And has the flavor and fragrance to make some really good sorbets for summer evenings! Happy gardening.


Ketchup and Catch-Up

I wanted to start today's posting with the photo I took in the National Mustard Museum, which I wrote about 3 weeks ago, of a sign which read, "Eating Ketchup is believed to cause childhood stupidity (be safe, eat more mustard)" But I evidently sent it to the trash. So just imagine it here. Today's posting is catch-up (or ketchup, if you want), several things I would have posted this week had we not been getting ready for the MEGA GARAGE Sale. We filled one 14 ft. U-Haul truck, plus 3 stuffed full pick-ups and drove it via caravan, to our friends, Neil  and Sarah's house in Forsyth, MO. They have good traffic past their house, while we have maybe 2 cars a day. The sale went well and the living room and storage building are basically empty. (What I wanted for my birthday, coming up next weekend, was a garage sale, or you can read it another way, I wanted some new furniture and the garage sale was the means to get it). So, on to the catching-up.

I met Brian Paffin at the Carmel-Indianapolis "Dilly of a Day" herb day and was immediately impressed by his candles he had for sale. Candles are candles, right? Not exactly. His are made of soy oil, so no smoke, but the better aspect, is the fragrances he uses. You can read more about his tantalizing candles on his website, Herbal Art website. I bought a candle with the scent of Dirt (really - it smells like fresh plowed garden), and 2 Peach Sangria candles. They're so good I wonder if people try to eat them. His products include soaps, body products, wedding gifts, fund raising products and a lot more. You'll be pleasantly surprised at his very creative, unusual, high quality products.

We had a wonderful visitor in the garden guesthouse last week. Pat Crocker, of Riversong Herbals in Ontario, who's best known for her books, The Juicing Bible and the The Smoothies Bible, stopped by for a visit. She was on her way back home in Canada from having been the keynote speaker at the Ozark Folk Center's annual Spring Herb Extravaganza. We know Pat through the International Herb Association and Garden Writers of America and always look forward to getting to spend time with her. Her book, The Juicing Bible won 'Best in the World' in the nutrition category in Perigueux, France, in 2000! We talked about the International Herb Assoc.'s annual conference in Collinsville, IL, in July, where she and I will be 2 of the 4 hosts for what's called, "hosted dinners." It's a great way for conference attendees to get to visit over dinner about a specific  subject, sort of like a mini-workshop, with food, in small groups. 

And next on my list of catch-up, is this wonderful book from Jennifer Vasich, The Lavender Gourmet, from Moose Run Publications. I didn't count the recipes, but there are 325 pages of them. Here are some examples of the taste-tempting recipes Jennifer has: Lavender Mint Brownies,  Vanilla Lavender Hot Chocolate, Raspberry Lavender Sorbet, Lavender Chicken with Lemon Butter Sauce, Southwest Chicken Lavender Enchiladas, Basil & Lavender  Pesto, Hibiscus Lavender Lemonade. I could go on, but the best compliment I can give this book, is, I wish I had written it. Jennifer created a book that will likely change the way you think about lavender.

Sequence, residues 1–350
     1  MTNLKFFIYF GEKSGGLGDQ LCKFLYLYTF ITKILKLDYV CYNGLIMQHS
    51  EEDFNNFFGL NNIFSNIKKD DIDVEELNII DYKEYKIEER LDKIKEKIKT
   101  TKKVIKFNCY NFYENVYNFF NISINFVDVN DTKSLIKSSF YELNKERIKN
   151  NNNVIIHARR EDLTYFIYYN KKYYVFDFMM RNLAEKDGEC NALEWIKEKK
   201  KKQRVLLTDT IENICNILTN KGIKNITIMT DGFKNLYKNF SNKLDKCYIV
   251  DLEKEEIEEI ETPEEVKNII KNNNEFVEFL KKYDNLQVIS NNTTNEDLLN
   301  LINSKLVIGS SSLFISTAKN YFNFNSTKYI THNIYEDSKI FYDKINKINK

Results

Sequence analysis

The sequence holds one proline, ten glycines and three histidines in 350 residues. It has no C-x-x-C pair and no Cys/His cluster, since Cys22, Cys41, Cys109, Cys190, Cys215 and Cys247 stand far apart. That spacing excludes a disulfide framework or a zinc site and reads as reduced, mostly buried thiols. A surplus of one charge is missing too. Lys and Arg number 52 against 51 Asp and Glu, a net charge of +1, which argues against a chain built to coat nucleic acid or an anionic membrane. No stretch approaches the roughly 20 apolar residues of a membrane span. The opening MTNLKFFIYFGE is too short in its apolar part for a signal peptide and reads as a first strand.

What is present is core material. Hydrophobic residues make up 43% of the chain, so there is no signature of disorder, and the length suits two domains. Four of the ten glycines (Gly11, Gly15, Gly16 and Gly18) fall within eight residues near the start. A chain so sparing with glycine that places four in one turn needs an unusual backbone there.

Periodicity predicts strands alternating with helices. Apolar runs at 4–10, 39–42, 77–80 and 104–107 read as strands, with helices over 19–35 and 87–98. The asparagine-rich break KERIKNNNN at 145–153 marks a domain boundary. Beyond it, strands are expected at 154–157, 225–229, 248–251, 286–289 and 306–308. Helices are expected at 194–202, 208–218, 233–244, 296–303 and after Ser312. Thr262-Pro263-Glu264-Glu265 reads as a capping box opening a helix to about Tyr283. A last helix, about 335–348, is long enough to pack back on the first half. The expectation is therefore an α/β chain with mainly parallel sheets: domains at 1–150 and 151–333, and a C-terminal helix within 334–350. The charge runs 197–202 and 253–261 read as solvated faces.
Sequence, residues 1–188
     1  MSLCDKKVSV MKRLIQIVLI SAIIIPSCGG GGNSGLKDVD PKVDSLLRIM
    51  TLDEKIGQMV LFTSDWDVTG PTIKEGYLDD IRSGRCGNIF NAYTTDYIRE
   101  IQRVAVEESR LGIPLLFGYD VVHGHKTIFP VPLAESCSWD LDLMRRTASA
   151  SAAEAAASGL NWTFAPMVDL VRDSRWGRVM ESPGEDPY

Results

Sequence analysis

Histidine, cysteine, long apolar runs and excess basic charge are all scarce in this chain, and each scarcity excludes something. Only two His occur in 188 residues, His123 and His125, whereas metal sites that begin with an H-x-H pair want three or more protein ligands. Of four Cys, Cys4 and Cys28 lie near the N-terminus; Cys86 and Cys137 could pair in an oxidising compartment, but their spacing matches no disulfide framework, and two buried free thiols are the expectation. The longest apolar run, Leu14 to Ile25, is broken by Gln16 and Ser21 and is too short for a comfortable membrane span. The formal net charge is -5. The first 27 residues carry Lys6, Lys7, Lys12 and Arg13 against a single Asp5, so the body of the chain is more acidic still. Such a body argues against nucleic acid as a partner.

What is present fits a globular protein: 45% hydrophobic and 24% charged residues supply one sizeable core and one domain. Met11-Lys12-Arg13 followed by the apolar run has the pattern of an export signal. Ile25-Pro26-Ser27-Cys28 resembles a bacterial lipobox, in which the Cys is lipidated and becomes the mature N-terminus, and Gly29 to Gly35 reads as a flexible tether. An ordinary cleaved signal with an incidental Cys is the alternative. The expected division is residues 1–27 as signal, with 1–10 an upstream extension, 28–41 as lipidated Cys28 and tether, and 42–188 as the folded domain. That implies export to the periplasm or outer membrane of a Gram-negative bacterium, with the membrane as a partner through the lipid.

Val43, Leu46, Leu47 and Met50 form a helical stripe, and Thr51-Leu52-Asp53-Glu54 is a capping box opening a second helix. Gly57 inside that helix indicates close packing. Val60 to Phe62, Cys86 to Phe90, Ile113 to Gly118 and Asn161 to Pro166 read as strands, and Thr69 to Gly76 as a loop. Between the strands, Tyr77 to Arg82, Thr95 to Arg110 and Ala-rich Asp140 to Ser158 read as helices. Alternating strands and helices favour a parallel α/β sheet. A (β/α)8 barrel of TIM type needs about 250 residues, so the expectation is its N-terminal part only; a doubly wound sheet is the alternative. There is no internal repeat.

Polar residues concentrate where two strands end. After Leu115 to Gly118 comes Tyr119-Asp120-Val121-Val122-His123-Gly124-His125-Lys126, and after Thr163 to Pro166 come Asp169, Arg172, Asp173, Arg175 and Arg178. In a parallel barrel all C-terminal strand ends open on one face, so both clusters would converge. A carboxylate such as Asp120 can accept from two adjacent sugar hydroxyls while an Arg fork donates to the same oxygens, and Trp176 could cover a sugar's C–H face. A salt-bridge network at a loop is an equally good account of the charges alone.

My lavender isn't blooming yet, but the garden looks better every day. Even with nearly 5 inches of rain this week (including during the garage sale), the garden is coming alive. Adam, who I've written about several times, is here for another couple of weeks, and has done wonders in the garden. Nearly all the beds are fully planted, most are mulched and now we're working on expanding the garden to the south to make room for a row of grapes. Yes, I know, the garden is already more than we can take care of without help, but, it's grapes and I found some 3 year old plants in 5 gallon buckets, blooming and ready to give us grapes. 

Our irises have been beaten hard by the pounding rains, but still manage to bloom vigorously. This one is 'Betty Wold,' simply because the late Betty Wold is the one who gave it to me 20 years ago. Many of the plants in my non-edible garden are named for who they came from, rather than a distant Latin name. So when the Betty Wolds are in bloom, I stop and smell them every day, trying to memorize the fragrance for later. Much like the way different colored tulips have different smells, so do iris. These deep purple Betty Wolds are the most fragrant of all, so delicious you want to spread some on buttered bread (IF they were edible). Or stuff a pillow with the flowers and take a nap. Thank you, Betty, I think of our friendship every spring.

And because it's Sunday and the rhubarb is ready, I made a strawberry-rhubarb pie. I think it turned out pretty well, although the taste will be the real test. This is a recipe a friend gave me many years ago, simple, quick, and my favorite. It's 4 cups of cut up rhubarb (or 3 cups rhubarb, 1 cup sliced strawberries), 1 1/3 cups of sugar (I used part non-sugar sweetener), 6 tablespoons flour and a few dots of butter. Mixed together, poured into a pie shell and topped with another pie crust, it's baked at 400 degrees F. for 10 minutes, then baked for another 40-45 minutes at 375 degrees F. It will be the top-off to one of our favorite Sunday dinners tonight: meatloaf, baked beans, spring salad, and....rhubarb pie. It is the best reason for growing rhubarb!